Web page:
January 31, 2006


Note to students who might be looking at this site: This is a request to professional marketing researchers and marketing managers with regard to a study I'm conducting. These are NOT recommended behaviors.

Below are 6 scenarios that have been used in past studies of marketing research ethics. We intend to replicate the study soon.

If you think the wording or phrasing of the scenarios need to be changed in any way before we use them in our study, please comment (click on the link "Comments" provided at the end of this entry). If you would rather send me an email directly about changes that you think need to be made you can use this email:


Thanks! Steve Castleberry


1. Use of ultraviolet ink

A project director went to the Marketing Research Director’s office and requested permission to use an ultraviolet ink to precode a questionnaire for a mail survey. The project director pointed out that although the cover letter promised confidentiality, respondent identification was needed to permit adequate cross tabulations of the data. The Marketing Research Director gave approval.

2. Hidden tape recorders

In a study intended to probe deeply into the buying motives of a group of wholesale customers, the Marketing Research Director authorized the use of the department’s special attache cases equipped with hidden tape recorders to record the interviews.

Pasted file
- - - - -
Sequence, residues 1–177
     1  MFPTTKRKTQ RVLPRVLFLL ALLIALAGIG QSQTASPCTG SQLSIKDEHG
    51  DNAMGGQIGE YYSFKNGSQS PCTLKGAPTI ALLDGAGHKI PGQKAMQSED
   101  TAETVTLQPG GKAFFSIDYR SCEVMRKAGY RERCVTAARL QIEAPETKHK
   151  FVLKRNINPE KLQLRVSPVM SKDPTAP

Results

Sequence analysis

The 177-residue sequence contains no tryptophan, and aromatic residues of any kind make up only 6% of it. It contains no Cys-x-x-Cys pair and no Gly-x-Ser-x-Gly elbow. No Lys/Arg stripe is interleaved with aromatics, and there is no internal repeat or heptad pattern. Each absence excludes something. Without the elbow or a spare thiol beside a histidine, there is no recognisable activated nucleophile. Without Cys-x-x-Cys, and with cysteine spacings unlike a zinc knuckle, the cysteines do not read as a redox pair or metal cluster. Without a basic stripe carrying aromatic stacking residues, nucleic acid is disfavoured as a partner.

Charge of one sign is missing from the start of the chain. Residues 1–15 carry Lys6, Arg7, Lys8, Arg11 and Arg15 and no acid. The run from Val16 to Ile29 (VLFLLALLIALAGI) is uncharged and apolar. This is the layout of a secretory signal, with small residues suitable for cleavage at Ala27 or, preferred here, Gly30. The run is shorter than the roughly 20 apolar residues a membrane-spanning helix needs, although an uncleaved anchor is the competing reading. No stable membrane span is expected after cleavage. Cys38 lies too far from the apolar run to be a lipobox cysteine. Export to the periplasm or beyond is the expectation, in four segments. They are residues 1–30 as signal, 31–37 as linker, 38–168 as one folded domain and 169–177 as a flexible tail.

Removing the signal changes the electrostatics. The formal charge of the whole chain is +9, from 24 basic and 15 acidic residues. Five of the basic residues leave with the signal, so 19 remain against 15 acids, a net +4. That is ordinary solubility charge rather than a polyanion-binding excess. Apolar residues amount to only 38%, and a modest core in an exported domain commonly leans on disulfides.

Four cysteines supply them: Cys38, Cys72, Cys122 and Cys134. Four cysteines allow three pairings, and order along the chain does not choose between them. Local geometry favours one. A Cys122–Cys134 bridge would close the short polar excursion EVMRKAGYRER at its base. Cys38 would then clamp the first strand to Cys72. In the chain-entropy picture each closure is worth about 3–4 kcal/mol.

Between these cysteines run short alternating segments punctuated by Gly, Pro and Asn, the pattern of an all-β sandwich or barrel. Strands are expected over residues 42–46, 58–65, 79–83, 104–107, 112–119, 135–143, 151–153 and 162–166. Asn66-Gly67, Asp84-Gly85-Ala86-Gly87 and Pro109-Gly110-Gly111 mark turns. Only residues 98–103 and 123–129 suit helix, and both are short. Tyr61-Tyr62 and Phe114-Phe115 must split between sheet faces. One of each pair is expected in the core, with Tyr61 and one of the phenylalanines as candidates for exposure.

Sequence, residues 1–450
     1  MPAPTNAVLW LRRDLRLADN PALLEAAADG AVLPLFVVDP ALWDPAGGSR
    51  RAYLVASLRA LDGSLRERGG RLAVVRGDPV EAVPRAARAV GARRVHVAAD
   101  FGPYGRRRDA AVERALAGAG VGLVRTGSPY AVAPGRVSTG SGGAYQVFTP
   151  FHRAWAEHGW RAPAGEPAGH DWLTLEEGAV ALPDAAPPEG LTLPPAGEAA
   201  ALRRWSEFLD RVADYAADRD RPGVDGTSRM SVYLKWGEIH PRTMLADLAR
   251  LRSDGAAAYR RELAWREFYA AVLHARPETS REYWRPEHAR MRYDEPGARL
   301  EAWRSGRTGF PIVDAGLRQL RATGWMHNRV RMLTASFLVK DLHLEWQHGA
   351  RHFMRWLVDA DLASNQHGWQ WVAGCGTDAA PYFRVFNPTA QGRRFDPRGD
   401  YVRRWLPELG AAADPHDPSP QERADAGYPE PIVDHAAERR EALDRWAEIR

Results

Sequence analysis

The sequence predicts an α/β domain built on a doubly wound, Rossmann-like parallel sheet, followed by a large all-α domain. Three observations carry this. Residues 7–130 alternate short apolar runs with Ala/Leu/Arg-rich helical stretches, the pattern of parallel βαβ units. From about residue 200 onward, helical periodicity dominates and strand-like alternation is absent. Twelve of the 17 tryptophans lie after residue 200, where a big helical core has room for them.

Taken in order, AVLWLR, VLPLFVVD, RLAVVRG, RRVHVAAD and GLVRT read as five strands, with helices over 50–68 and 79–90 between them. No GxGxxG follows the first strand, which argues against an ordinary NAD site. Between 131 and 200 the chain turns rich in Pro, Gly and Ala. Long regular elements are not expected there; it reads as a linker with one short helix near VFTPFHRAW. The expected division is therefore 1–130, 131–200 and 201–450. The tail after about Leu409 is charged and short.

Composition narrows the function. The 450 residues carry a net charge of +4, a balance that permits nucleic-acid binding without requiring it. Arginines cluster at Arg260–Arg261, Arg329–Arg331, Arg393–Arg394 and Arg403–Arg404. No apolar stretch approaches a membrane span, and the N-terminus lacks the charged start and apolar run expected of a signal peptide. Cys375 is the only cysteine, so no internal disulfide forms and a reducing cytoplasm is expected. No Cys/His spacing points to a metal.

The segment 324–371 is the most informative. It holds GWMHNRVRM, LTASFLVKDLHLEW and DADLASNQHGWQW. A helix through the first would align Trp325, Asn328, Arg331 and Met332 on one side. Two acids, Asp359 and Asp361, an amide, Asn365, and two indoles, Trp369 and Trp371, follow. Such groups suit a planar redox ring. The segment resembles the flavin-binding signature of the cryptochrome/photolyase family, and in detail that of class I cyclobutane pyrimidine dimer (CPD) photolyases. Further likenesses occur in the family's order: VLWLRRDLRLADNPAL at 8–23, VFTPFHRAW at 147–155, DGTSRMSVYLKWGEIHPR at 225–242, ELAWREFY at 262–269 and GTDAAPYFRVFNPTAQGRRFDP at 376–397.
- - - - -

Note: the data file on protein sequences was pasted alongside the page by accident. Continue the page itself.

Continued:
3. One-way mirrors

One of the products of X Company is brassieres. Recently, the company has been having difficulty making decisions on a new product line. Information was critically needed regarding how women put on their brassieres. The Marketing Research Director therefore designed a study in which two local stores agreed to put one-way mirrors in the foundations of their dressing rooms. Observers behind these mirrors successfully gathered the necessary information.

4. Fake research company

In another study concerning consumers’ magazine reading habits, the Marketing Research Director decided to conduct a sample of consumers using the fictitious company name, Media Research Institute. This successfully camouflaged the identify of X Company as the sponsor of the study.

5. Distortions by marketing vice-president

In the trial run of a major presentation to the Board of Directors, the marketing vice president deliberately distorted some recent research findings. After some thought, the Marketing Research Director decided to ignore the matter since the vice president obviously knew what he was doing.

6. Advertising and product misuse

A recent study showed that several customers of X Company were misusing Product B. Although this posed no danger, customers were wasting their money by using too much of the product at a time. But yesterday, the Marketing Research Director saw final comps/sketches on Product B’s new ad campaign which not only ignored the problem of misuse, but actually seemed to encourage it. The Marketing Research Director quietly referred the advertising manager to the research results, well known to all of the people involved with product B’s advertising, but did nothing beyond that.

Posted by scastleb at 10:25 AM

November 5, 2008

SMA Conference: Blending Theory and Practice

Again, here's the weblink to the PowerPoint presentation:


I'd love to know what you think about all of this. Feel free to drop a question or make a comment. We learn by sharing!

Posted by scastleb at 8:43 PM